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but we are living longer. >> but rate -- retirees are living a lot longer in retirement. we could expect to spend one-third of our working lifetime in retirement that is a long time to collect. >> host: when the program for started retirement age was 65 life expectancy was 62. now the retirement age has moved up at 67 that many people are living into their 90s. >> people discuss we do need to raise a said they become social security i think you'd have to raise it at 7172 to bring that into balance. for some reason it is the
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least popular. people feel that you move the of goalposts they want their retirement or the second career so politically it doesn't seem to fly. hopefully that will change in the future as a more practical issue raising the retirement age will not make a difference. i will shuffle papers and tell that i am 90. if you are a coal miner miner, that is a big deal you also take into account every age and in, all discrepancies of life expectancy you already have - - three black men that pay social security taxes but died before they collect benefits. so it is not as easy to raise the retirement age as you would think.
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>> host: you have to build in different combinations for those who are working if they cannot work do 67 in the field. >> but then it europe you have a different retirement age so teachers retire at this stage door truckdrivers that this sage or farmers and you have fights food gets to retire earlier and it gets to be complicated and of course, they push to lower the age but increase their dressers have their retirement age of 55 because they have hazardous chemicals. >> host: so what about social security? that we made more promises than revenue? >> it is about $65 billion without will only increase every year it never goes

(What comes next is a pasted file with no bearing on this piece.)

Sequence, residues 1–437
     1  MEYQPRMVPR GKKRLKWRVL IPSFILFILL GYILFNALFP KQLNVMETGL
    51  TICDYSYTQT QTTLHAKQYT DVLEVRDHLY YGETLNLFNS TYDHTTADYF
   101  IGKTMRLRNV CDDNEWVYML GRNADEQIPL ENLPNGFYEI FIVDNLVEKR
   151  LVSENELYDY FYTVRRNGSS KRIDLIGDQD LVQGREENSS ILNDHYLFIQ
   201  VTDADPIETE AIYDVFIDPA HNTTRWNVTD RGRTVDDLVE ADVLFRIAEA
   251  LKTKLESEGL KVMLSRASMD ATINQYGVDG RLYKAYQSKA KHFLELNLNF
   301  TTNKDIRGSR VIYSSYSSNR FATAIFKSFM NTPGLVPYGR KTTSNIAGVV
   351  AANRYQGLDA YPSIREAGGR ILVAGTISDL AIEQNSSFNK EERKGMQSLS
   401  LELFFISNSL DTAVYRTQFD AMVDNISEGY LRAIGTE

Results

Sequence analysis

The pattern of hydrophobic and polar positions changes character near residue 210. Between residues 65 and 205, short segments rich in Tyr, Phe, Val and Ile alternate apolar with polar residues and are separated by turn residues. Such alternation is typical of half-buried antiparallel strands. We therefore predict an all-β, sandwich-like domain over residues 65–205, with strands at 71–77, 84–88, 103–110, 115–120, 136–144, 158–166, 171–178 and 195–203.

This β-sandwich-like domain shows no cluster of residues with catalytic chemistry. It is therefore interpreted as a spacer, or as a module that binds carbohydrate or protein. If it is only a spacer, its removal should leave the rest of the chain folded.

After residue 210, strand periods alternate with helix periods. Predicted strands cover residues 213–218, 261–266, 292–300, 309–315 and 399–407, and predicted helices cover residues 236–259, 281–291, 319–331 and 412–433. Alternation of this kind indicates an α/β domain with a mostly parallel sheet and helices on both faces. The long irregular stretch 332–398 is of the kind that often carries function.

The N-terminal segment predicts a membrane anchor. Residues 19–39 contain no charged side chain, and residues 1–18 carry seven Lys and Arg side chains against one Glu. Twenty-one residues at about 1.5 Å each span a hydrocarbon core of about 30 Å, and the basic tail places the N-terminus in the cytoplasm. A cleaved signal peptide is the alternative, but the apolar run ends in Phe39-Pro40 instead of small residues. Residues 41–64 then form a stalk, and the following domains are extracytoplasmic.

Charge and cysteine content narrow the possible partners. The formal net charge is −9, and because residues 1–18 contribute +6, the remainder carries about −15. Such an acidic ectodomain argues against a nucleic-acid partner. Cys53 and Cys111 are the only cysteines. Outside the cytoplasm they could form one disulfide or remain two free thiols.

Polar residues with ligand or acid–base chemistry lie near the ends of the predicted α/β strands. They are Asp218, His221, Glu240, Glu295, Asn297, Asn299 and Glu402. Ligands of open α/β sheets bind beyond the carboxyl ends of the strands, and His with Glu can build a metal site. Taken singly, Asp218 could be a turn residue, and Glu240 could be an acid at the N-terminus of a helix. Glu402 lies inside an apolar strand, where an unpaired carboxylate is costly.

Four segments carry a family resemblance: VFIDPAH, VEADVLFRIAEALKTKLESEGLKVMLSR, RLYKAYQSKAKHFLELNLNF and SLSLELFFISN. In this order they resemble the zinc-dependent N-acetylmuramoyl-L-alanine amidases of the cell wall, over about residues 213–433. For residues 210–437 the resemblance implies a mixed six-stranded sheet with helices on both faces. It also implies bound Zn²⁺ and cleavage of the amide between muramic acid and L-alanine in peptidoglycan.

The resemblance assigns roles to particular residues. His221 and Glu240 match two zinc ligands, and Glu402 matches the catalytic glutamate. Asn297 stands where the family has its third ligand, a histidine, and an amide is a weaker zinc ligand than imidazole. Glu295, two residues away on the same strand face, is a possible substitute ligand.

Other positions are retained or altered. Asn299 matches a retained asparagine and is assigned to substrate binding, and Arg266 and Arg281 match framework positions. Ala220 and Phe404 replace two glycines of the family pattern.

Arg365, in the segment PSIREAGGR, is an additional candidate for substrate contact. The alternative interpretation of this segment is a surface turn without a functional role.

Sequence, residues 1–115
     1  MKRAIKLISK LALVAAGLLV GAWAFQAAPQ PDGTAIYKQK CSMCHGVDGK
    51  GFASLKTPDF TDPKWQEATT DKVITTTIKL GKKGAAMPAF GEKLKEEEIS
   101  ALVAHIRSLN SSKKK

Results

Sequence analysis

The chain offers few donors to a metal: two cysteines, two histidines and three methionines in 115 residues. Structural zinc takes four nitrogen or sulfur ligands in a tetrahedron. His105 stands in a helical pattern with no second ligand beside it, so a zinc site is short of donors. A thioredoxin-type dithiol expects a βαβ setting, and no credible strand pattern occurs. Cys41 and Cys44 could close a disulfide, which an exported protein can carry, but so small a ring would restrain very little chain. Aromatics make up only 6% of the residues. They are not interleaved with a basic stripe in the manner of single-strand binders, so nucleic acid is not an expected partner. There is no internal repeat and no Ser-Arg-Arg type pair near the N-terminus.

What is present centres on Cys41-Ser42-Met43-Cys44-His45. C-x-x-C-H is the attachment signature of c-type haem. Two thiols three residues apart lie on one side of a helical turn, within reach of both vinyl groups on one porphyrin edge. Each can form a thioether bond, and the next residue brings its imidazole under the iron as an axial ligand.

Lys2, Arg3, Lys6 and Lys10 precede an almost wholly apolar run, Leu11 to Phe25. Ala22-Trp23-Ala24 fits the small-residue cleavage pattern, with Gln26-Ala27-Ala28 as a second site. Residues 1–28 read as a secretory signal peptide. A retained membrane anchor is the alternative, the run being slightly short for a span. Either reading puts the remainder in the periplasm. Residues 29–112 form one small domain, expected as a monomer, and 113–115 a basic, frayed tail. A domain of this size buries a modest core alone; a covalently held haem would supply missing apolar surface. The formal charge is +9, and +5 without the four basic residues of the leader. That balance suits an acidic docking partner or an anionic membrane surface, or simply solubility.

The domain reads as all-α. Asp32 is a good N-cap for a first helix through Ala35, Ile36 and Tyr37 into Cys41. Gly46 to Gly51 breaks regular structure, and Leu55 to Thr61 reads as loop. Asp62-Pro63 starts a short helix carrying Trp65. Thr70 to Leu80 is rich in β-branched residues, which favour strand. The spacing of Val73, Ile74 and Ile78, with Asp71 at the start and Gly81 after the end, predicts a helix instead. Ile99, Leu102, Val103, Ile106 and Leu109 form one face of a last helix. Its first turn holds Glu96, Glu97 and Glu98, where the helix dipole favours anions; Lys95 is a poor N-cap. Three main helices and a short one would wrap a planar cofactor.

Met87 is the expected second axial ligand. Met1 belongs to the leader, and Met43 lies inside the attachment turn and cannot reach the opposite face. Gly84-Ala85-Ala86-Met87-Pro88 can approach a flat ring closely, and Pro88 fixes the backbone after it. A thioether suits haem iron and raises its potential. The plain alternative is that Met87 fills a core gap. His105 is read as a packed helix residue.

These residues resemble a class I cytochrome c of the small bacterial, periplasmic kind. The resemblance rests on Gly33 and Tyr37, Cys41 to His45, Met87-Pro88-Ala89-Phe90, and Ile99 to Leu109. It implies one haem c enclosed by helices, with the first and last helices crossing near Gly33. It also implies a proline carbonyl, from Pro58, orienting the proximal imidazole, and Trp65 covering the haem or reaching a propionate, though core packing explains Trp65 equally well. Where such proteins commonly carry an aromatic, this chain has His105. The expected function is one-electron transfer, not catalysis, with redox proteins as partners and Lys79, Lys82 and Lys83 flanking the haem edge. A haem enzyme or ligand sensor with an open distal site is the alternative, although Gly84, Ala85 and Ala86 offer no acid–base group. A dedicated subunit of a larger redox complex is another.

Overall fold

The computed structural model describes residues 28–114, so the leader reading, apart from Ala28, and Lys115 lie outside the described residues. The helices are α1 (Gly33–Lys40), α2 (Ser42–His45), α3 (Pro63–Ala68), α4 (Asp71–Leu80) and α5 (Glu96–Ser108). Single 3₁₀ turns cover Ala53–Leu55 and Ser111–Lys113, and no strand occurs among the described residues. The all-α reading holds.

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away a just gets worse. >> so the payroll tax is more than enough. >> you don't have a lot of choices if you have more money going out there and coming in but the future unfunded liabilities so that is real money that we will have to find one way or another but i don't thank you can bring in enough new money without seriously hurting the economy and we are fair to the young people who will pay a lot to get a lot less out so we will have to face up in the future will get less than reformist we talked about raising the retirement age the best way to do that has to do with how you calculate benefits.
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right now the 35 higher wages adjusted according to wage growth i think it should be inflation instead that is a wage price index. >> host: explained that. >> guest: when dey calculate the first set of benefits then you get a cost-of-living increase there is the intricate formula that redistributes so lower-income people get a greater proportion back then higher income people but that formula if you work 40 years five years don't count just the 35 so money you earned then is worth different than today with inflation so you have to adjust those wages 35 years ago. additionally that is inflation adjustment based